The London Court of Appeal will review two separate landmark cases against Barclays and Deutsche Bank to determine whether attempted Libor-rigging can invalidate interest rate swap agreements (IRSA).
The British Court will begin a three-day hearing over whether rate-rigging will prove that a bank mis-sold complex interest rate derivatives products to customers because the swaps are attached to the Libor rate.
After the hearing, the UK court is expected to deliver a verdict by the end of the year, which will be the first of its kind and therefore could determine whether thousands of other businesses across Britain can sue banks under the same allegation.
IRSAs are contracts between a bank and its customer where typically one side pays a floating, or variable, rate of interest and receives a fixed rate of interest payments in exchange.
Such contracts are used to hedge against extreme movements in market interest rates over a given period. Companies that saw the value of these products move against them as rates fell during the recession now owe banks crippling sums of money in interest payments each year.
Guardian Care Homes and Barclays
Guardian Care Homes (GCH), a British care home operator, is suing Barclays for £70m (€82m, $112m) over allegations that the bank mis-sold it IRSAs.
GCH's case centres around loan and finance deals between Barclays and itself during 2007 and 2008 and subsequently two multi-million pound IRSAs attached to it.
GCH's IRSAs were linked to Libor. After first claiming that the bank mis-sold it these derivatives, it added Libor fixing into its filing later on.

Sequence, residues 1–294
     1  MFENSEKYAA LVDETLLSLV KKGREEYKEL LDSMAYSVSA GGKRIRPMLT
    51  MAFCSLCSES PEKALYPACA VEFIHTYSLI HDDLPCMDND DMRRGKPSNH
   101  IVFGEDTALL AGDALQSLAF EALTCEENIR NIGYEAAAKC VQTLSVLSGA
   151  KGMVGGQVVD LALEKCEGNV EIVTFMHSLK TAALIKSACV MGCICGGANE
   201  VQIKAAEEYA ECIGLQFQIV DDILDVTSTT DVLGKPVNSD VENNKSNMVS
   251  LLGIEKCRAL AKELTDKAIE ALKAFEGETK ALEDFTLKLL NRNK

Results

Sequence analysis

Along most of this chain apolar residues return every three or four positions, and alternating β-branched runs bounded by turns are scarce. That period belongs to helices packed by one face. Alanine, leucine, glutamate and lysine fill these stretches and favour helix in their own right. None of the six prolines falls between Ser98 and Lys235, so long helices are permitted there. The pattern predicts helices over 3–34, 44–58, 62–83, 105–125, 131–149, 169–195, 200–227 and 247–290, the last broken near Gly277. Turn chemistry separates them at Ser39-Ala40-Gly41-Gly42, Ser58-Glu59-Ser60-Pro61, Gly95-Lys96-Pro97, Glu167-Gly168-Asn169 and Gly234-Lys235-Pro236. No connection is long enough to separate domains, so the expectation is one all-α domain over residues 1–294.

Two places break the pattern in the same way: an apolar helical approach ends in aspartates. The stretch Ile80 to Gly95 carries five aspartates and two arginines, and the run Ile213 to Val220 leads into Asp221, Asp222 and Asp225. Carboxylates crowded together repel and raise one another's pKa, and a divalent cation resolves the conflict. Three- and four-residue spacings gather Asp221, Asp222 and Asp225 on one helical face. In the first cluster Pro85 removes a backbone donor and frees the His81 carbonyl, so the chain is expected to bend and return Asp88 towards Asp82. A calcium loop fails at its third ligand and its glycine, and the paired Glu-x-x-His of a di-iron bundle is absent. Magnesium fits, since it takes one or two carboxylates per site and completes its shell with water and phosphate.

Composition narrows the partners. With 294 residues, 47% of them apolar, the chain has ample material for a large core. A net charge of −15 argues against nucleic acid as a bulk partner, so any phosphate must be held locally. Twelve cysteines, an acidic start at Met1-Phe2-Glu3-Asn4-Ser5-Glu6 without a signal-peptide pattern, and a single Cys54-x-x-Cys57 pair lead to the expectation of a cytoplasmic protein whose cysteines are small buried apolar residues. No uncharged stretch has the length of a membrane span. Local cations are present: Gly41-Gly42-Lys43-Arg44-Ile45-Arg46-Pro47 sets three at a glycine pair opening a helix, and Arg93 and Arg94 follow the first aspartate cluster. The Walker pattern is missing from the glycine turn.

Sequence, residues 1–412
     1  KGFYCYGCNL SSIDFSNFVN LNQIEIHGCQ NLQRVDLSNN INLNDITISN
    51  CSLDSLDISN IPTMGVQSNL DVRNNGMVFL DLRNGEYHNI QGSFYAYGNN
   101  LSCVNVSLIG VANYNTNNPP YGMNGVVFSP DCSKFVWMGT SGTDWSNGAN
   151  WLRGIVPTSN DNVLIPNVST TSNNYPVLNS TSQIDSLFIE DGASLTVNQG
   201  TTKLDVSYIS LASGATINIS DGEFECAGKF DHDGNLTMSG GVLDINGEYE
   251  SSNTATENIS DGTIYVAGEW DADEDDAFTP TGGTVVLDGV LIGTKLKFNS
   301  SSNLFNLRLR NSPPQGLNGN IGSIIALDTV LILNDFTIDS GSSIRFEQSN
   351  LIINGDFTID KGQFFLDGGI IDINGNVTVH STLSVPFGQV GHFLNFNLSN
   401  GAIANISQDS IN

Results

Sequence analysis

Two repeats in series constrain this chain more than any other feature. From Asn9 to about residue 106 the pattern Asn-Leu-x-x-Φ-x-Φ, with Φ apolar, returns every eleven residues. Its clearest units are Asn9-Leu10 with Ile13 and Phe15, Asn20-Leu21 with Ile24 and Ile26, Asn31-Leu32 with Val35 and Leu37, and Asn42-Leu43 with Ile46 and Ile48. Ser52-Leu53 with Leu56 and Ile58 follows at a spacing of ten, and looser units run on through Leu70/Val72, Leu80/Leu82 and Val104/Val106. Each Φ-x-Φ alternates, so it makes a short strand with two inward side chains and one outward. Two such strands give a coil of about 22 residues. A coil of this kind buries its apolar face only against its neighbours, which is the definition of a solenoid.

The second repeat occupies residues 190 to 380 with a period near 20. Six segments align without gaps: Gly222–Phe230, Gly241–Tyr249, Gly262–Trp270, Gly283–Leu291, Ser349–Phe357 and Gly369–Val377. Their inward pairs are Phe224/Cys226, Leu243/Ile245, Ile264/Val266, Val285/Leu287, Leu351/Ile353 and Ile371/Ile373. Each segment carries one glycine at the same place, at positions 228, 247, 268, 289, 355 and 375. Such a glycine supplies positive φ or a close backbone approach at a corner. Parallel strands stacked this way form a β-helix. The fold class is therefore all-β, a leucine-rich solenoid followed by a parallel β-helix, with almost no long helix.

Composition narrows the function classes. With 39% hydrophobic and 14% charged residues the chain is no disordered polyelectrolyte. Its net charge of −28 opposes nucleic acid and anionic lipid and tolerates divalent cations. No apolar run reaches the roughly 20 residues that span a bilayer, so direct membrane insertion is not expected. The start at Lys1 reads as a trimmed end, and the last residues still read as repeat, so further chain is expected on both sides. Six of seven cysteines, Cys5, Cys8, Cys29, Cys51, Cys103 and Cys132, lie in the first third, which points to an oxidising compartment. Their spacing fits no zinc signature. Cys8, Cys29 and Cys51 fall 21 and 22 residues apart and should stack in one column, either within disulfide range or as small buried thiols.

Since it first filed in April last year, Barclays won the right, one year later, to try to dismiss the first attempt to bring it to court by GCH. The court case has now been delayed until 2014.
Barclays told IBTimes UK that "this started as an alleged mis-selling case which Barclays considers has no merit. The addition of a claim based on what happened with Libor does not change the Bank's view."
"This business had a suite of advisors and a lot of financial experience and skill in-house. Barclays understands the client entered into their swap agreements with sufficient understanding to exercise their own judgment as to whether the products would meet their business objectives. This is a significant business which owes Barclays £70m."
Barclays settled with US and UK authorities for £290m ($444m, €342m) in June last year.
Deutsche Bank and Unitech
Meanwhile, Indian property firm Unitech tried suing Deutsche Bank over the last year for mis-selling derivatives linked to Libor and sought the repayment of a $150m loan made in 2007 by a consortium of lenders.
It also sought for the repayment of $11m owed for a related IRSA.
Unitech said it wouldn't have agreed to the loan or swap had it known Deutsche Bank was manipulating Libor, making both agreements invalid.
However in February 2013, Judge Jeremy Cooke rejected the Indian property firm's bid saying that Germany's largest bank didn't imply Libor was honest by linking a $150m loan and interest rate swap to the benchmark rate.
Judge Cooke added that requiring banks to make implicit promises about the entire Libor-setting process in contracts is "unrealistic."
Deutsche Bank told IBTimes UK that "this is a long-standing case of a loan that was made and not paid back. The High Court has already ruled that we, along with the other lenders, are entitled to have the loan repaid. The defendant's attempts to introduce broad and unsupported allegations about Libor, which have already been rejected once by the High Court, are a bid to delay payment and divert attention from its unpaid debts."